The most anticipated bike in...who knows how long isn't an absurdly powerful superbike, it's the fun, capable, three-cylinder and, most importantly, affordable 2014 Yamaha FZ-09. We literally just handed it back to Yamaha, here's our first impressions.
Click here to research 2014 Yamaha FZ-09 specs, prices, insurance and compare it to any other motorcycle.
The 2014 Yamaha FZ-09 is completely new, minus the grips, blinkers, and license plate holder. During the briefing they stressed that, while the FZ-09 was built with achieving a low cost in mind, it is not a "parts bin" bike and that they designed nearly the entire thing from scratch while using quality materials. You have only to look at the intricate cast aluminum frame and how it sits inside the aluminum swingarm to witness that.
The 847cc three-cylinder engine is all new and includes tons of cool technology to create an emotionally stimulating ride. For instance, the intake funnels are staggered lengths, which help to produce power fatten the power curve at both low and high revs. The FZ-09 utilizes newly designed 41mm Mikuni throttle bodies, which fire directly down at the valve skirt, allowing a more direct feel between the throttle and rear wheel, while also helping make the engine more compact.
The FZ-09 also uses Yamaha's Chip Controlled Throttle (YCC-T) which is their version of ride-by-wire, as well as Yamaha Drive Mode (D-Mode) variable mapping to allow three different levels of throttle response: Standard, A, and B (A being the sport tuned mode and B, the mellower city mode).
One of the goals Yamaha had when designing the FZ-09 was to make it as compact and light as possible. From the new throttle bodies to the offset cylinder design to the new, stacked, six-speed transmission to the new 3-into-1 exhaust; everything is incredibly compact and it's quite noticeable when you swing your leg over the seat.
Thanks to the three-cylinder engine's narrow dimensions and a frame that goes over, rather than around its sides, the FZ-09 is two inches narrower than the bike it replaces, the Yamaha FZ8. The suspension is KYB at both ends, with 41mm USD forks up front and a horizontally mounted progressive link rear shock (adjustable for pre-load and rebound at both ends).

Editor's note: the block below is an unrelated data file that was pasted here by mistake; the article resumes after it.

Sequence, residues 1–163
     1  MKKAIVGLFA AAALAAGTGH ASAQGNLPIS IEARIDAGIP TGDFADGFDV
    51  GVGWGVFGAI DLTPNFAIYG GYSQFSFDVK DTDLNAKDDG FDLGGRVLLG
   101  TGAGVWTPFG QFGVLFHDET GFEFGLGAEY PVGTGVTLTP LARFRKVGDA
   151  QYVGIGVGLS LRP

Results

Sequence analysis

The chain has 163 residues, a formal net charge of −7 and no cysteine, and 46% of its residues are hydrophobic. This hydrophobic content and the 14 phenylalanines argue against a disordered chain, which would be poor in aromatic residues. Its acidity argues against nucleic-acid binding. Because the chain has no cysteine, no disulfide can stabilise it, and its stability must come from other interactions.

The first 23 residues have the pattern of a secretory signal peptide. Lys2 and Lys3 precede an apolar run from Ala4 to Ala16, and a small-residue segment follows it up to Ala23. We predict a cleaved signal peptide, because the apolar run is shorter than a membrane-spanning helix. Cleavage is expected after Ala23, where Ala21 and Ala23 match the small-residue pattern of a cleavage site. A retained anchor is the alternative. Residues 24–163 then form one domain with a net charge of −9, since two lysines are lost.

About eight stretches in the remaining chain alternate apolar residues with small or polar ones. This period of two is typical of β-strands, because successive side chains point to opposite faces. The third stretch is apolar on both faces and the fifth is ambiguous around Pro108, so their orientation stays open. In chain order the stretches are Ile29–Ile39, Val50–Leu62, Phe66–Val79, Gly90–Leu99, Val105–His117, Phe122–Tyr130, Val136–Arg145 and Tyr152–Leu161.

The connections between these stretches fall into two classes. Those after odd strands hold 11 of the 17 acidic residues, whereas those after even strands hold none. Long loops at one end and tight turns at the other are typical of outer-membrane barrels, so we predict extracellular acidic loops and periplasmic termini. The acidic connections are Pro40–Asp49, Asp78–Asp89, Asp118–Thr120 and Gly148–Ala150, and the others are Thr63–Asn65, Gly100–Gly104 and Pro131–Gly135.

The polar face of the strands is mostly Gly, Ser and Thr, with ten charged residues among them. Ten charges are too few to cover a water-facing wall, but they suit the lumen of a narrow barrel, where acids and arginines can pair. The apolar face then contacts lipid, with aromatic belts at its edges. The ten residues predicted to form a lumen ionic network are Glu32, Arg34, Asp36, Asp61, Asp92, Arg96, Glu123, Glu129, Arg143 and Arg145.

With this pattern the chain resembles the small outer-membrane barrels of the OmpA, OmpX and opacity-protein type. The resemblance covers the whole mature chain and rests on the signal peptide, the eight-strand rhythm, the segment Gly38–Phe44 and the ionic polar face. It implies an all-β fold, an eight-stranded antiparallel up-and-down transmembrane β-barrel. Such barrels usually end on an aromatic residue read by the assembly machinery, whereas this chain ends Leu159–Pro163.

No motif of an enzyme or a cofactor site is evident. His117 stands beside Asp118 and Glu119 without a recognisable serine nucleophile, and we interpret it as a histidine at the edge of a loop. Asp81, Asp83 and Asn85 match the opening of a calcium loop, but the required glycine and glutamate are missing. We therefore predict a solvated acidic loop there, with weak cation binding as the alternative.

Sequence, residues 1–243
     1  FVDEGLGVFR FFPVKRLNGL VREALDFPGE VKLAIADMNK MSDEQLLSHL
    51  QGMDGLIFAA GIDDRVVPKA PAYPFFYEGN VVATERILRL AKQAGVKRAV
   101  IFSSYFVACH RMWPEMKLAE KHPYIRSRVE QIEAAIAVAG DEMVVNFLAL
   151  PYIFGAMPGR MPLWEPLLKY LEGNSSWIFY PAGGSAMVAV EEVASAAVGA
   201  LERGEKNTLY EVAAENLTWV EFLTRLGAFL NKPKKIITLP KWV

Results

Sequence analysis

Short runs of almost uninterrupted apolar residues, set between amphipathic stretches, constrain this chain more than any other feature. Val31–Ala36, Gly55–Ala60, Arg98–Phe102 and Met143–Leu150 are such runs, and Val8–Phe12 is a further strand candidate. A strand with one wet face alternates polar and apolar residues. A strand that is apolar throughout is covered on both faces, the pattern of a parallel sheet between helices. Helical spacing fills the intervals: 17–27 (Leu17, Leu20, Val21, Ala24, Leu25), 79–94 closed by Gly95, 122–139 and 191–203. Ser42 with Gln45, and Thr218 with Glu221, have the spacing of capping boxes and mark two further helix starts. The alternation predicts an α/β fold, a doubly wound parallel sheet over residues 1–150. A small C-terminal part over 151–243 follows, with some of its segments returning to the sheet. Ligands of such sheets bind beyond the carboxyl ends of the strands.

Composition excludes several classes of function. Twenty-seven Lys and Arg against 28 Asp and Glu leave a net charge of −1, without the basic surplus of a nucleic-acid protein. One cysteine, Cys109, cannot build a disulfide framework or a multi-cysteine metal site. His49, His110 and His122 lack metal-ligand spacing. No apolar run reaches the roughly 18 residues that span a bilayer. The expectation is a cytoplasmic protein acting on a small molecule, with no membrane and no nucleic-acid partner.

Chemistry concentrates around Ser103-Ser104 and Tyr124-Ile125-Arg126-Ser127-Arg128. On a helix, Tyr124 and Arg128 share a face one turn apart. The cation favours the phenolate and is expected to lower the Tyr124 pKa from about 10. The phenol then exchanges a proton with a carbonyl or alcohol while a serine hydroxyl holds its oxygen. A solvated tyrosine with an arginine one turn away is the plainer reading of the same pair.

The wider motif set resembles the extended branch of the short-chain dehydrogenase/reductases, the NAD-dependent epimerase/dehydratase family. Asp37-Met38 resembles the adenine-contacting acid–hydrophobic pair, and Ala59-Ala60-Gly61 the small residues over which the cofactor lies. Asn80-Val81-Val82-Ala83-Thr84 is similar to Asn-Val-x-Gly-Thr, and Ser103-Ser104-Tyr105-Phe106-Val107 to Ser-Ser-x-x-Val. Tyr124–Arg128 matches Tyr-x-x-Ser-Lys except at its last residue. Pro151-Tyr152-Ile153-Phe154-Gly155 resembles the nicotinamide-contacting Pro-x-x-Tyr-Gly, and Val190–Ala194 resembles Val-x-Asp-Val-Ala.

Brakes come in the from of radial mounted, 4 piston ADVICS calipers on 298mm floating front discs up front (with Brembo master cylinder) and a single Nissan brake caliper on a 245mm disc in the rear.
Compared to the FZ-8, the handle bars on the FZ-09 are 53mm taller and swept back 40mm. The foot pegs are also 26mm lower, creating a more comfortable, spacious riding position and a little more leverage over the bike.
The wheels are 10-spoke cast aluminum items, designed especially for the FZ-09, and are wrapped in either Dunlop SportMax or Bridgestone Battlax Hypersport rubber (both of which we were told were created specially for the bike).
Now for the numbers: Weight comes in at 414 lbs when at full fuel. 115 horsepower. 65 foot lb-ft of torque. 44 mpg.
Day one was spent tooling around San Francisco proper. The idea being, this is an urban sportbike, they wanted us to see how it did around town and let me tell you, coming from LA this is a crazy place to ride. It's like being on a roller coaster, but one that you control and that has the ability to fall over. The pavement refuses to stay one consistency for more than 100 ft and the cars aren't big fans of letting you get where you want to go.
Despite all of this, the FZ-09 handled everything we could throw at it with grace. The suspension ate pot holes, cracks, trolley tracks, and 24 degree inclines/declines without problem. The engine is full of torque and made it easy to squirt out in front of an oncoming bus or make a gap ahead, while the brakes do a fantastic job of stopping you when that taxi you're sure can see you decides to pull out anyways.
I was a little disappointed to have to spend an entire day riding in town, but when I realized we had been riding for a few hours and I felt zero fatigue or frustration I realized what a good decision it was on Yamaha's part.